Darkest Hour (2017)

“Success is not final, failure is not fatal. It is the courage to continue that counts.”

Rating: 4 out of 5.

Directed by Joe Wright (Pride and Prejudice, Atonement)
Starring Gary Oldman, Lily James and Kristin Scott Thomas 
Make Up (Gary Oldman) by Kazuhiro Tsuji
Academy Awards for Best Actor and Best Make Up and Hair Styling (2018)

This absolutely beautiful film follows the first 10 days of Winston Churchill as prime minster during the second world war. Although not entirely accurate, this film is full of suspense and intrigue, it left me wanting to know more about WWII, and how Churchill did win this war. It shows the death and destruction of war without being too violent or emotionally draining. It asks the audience to view the war intellectually rather than just react to overwhelming brutality. It was well deserving of it’s 4 star rating.

Wright and cinematographer Bruno Delbonnel do an amazing job of displaying Churchill’s and therefore the United Kingdom’s claustrophobia in the War rooms that were built below the streets of London. It is well known that Churchill refused to spend the night there and even through the Blitz was known to go up to his bed in 10 Downing St. The War Rooms were recreated by production designer Sarah Greenwood and I could have sworn they were filmed in the real War Rooms that are now open to the public. The space felt authentic as shots pan between rooms, entering in and out of doors and down skinny hall ways. There are shots of Churchill going up elevators and shots through small windows where the negative space takes up the majority of the screen, and this, along with extremely close cropped shots, continues to feed into the claustrophobia we feel with Churchill. The claustrophobia felt by Churchill is also felt by the United Kingdom. The United Kingdom is trapped by the German army and is refused help from their alies. As their enemy draws closer to the defeat of the British army, the United Kingdom starts to feel the pressure.

The intense feelings of claustrophobia that are felt throughout the film could not have been maintained with Gary Oldman. Oldman’s performance was well deserving of his Academy award, not only does he maintain a mumbling cadence but he expressing amazing depth while wearing an insane silicone piece by Kazuhiro Tsuji. This film leaves you wondering if you even knew what Gary Oldman looks like in the first place! The make up work is so impressive I am left without words to describe it, and Oldman has worked well around it. Unfortunately, though you are left wanting to turn the subtitles on but I implore you, please give it a few minutes, eventually you come to understand the mumble. The film provides us with following introduction to the Churchill character and I think it describes how the audience feels perfectly:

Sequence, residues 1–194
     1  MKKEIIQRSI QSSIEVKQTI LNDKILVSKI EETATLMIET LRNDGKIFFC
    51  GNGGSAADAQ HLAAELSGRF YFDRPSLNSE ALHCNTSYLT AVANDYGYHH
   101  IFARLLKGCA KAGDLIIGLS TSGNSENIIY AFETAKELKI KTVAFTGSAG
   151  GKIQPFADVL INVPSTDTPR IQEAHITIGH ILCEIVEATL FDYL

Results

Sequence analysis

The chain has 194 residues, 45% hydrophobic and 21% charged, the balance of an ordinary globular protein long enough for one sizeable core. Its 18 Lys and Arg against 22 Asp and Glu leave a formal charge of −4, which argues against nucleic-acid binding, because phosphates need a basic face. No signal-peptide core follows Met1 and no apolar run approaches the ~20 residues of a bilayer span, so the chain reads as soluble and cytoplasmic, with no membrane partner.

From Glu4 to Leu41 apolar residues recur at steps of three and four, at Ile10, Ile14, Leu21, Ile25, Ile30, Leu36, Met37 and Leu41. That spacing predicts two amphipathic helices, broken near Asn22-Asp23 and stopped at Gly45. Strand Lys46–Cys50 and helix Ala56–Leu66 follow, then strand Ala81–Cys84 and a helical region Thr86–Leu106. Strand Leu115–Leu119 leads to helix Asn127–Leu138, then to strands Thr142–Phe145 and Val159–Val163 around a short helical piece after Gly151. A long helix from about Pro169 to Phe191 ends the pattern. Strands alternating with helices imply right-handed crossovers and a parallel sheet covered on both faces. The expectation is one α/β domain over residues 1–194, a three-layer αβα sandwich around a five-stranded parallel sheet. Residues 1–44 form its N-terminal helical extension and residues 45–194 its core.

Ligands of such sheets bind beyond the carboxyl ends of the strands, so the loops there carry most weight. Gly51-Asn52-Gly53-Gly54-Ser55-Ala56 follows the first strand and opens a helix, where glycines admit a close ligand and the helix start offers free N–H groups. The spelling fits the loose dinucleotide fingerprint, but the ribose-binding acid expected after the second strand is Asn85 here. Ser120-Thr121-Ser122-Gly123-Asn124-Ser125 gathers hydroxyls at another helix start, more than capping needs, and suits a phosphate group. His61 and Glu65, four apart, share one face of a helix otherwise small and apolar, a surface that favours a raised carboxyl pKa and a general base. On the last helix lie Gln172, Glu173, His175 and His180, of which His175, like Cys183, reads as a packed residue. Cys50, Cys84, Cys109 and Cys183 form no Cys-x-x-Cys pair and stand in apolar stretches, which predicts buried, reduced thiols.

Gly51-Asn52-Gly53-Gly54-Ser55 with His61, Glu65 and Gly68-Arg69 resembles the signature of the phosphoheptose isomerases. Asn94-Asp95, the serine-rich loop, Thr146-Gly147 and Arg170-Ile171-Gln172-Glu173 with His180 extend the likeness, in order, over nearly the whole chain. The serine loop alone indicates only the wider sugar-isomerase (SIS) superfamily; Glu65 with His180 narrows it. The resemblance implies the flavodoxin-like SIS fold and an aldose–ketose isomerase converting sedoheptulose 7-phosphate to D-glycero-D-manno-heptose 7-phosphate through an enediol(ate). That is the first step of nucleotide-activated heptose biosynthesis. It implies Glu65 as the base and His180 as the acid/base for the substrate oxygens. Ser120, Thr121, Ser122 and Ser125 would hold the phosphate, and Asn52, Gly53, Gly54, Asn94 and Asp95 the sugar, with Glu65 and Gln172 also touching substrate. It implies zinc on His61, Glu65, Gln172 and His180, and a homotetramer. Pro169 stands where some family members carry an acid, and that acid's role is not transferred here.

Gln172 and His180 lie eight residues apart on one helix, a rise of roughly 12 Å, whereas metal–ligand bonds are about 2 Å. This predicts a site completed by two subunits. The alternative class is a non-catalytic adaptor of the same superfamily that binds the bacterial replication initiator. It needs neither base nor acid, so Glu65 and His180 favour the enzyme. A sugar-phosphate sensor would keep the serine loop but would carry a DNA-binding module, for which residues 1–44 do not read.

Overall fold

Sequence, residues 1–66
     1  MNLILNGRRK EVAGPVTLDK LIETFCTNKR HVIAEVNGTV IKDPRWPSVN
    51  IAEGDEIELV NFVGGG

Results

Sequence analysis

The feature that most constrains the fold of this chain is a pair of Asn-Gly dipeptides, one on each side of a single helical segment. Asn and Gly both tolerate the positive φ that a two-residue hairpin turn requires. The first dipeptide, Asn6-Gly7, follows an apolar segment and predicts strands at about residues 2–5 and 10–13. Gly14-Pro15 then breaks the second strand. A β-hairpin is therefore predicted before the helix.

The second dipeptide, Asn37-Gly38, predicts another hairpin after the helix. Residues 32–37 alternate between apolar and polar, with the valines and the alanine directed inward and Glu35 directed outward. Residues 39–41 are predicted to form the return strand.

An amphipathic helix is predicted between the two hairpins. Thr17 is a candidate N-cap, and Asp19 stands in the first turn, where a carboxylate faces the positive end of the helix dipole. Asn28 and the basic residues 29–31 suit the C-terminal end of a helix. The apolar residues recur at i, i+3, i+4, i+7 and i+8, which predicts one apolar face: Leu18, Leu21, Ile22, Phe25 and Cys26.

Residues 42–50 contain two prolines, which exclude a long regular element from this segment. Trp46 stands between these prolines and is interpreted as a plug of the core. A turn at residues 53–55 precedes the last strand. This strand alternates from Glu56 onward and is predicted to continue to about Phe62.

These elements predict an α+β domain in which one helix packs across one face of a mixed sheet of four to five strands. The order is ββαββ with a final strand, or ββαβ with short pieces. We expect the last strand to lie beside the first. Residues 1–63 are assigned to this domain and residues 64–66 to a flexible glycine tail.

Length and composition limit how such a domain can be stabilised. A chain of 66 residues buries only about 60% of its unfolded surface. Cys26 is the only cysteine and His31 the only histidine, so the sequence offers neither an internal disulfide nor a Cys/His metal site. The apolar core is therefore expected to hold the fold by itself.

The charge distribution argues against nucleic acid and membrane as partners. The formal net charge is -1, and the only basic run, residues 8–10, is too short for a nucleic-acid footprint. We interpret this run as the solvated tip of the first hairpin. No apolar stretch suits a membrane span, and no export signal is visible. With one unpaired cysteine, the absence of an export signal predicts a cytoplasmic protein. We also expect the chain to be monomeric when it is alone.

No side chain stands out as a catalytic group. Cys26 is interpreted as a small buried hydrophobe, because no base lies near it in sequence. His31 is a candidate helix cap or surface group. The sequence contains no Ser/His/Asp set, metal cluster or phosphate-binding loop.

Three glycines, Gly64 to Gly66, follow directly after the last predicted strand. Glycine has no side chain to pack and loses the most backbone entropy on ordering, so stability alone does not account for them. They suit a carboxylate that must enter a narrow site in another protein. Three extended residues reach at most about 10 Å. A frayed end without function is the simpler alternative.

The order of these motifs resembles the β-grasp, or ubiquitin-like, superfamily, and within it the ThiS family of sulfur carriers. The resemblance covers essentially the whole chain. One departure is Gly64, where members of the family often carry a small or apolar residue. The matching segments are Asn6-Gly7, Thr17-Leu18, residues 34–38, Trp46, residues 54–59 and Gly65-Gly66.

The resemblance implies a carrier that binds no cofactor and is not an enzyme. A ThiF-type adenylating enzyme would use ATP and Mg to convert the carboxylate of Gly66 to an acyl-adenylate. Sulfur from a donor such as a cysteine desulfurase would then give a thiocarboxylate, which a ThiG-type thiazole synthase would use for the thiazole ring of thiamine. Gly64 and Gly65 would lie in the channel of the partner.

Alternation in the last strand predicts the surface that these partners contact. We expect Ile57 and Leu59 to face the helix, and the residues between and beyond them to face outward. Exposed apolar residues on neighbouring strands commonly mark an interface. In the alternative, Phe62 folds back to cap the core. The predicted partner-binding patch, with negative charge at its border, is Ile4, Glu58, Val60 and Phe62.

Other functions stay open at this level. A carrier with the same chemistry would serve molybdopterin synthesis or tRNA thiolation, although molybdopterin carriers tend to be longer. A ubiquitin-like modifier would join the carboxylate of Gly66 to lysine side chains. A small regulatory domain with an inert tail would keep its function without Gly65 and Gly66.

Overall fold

He mumbles so it is almost impossible to catch everything

Throughout the film Churchill has to make some difficult decisions which result in the death of large groups of soldiers, however, these scenes are mirrored with simple scenes such as Churchill feeding the King’s dogs off his own plate and caring for his typist as she struggles with the letters she has to write indicate make us feel empathy towards him. He is also shown to be seeing the death and destruction for himself and we are reminded that he fought in WWI and therefore fully understands the gravity of his decisions. He is not the cartoonish monster that is so often portrayed in the media. The Churchill character grows on Lily James’ character, Elizabeth, as he grows on the audience, she represents how we feel and enables Churchill to explain his actions to audience.

Wright often includes actual WWII footage to remind viewers that these are real events that are being discussed and that Churchill’s decisions did actually have real world consequences. The film sits uncomfortably with the audience, as it asks us to imagine a time when Hitler was known as a dictator but not someone who goes on to commit calculated mass genocide. Someone that United Kingdom was considering a peace treaty with.

The Darkest Hour is a beautifully prepared film and highly worth a couple hours of your night.

Leave a Reply

Fill in your details below or click an icon to log in:

WordPress.com Logo

You are commenting using your WordPress.com account. Log Out /  Change )

Twitter picture

You are commenting using your Twitter account. Log Out /  Change )

Facebook photo

You are commenting using your Facebook account. Log Out /  Change )

Connecting to %s